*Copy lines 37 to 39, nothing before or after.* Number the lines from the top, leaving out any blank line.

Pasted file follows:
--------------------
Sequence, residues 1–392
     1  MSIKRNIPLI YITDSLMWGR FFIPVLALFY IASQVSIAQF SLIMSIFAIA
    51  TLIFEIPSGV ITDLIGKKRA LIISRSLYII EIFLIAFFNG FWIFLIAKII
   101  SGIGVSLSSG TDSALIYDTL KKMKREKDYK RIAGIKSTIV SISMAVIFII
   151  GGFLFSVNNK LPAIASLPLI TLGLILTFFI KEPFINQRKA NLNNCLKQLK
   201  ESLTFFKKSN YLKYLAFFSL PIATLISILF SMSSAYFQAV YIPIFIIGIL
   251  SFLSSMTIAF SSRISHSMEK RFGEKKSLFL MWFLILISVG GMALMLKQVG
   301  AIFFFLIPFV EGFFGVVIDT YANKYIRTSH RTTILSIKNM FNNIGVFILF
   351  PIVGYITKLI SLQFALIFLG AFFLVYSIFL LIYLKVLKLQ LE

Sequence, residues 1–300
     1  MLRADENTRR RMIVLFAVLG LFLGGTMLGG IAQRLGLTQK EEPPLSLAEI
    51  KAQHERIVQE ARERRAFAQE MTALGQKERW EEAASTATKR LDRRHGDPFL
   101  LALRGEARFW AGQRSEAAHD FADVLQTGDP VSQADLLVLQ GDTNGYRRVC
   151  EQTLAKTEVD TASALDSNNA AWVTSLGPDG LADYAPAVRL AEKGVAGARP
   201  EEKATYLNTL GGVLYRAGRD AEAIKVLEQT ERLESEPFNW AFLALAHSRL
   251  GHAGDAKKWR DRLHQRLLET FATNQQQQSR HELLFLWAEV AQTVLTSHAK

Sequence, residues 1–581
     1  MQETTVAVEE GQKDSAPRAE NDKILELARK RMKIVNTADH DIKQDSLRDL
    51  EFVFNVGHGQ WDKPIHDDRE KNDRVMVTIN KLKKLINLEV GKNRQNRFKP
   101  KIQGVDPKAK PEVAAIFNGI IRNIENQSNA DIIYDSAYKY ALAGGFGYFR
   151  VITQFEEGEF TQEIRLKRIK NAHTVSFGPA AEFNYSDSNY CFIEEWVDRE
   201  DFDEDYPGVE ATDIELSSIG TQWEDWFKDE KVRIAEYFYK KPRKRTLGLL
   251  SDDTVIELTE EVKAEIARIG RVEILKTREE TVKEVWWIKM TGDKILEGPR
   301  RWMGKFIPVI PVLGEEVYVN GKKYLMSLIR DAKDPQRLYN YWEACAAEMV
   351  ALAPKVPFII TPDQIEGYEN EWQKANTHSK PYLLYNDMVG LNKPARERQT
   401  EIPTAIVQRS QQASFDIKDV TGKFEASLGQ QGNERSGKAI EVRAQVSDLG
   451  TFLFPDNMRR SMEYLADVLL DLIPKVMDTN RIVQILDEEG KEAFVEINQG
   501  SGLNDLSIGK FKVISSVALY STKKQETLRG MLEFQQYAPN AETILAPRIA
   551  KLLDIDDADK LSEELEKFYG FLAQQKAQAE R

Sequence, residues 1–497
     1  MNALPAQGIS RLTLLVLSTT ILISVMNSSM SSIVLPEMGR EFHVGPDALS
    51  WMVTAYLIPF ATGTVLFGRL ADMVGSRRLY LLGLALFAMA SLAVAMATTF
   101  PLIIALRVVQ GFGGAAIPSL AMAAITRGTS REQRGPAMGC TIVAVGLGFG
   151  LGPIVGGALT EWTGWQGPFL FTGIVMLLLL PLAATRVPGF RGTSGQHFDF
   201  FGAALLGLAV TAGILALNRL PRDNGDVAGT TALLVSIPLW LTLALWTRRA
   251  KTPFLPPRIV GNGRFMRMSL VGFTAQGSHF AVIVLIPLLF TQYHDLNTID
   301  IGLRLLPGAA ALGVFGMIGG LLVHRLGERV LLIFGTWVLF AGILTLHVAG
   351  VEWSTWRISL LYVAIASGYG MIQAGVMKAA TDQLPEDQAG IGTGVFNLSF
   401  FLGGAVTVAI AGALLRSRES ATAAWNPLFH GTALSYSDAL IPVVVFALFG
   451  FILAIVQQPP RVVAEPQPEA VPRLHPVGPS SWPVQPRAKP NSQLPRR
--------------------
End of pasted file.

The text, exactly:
   301  IGLRLLPGAA ALGVFGMIGG LLVHRLGERV LLIFGTWVLF AGILTLHVAG
   351  VEWSTWRISL LYVAIASGYG MIQAGVMKAA TDQLPEDQAG IGTGVFNLSF
   401  FLGGAVTVAI AGALLRSRES ATAAWNPLFH GTALSYSDAL IPVVVFALFG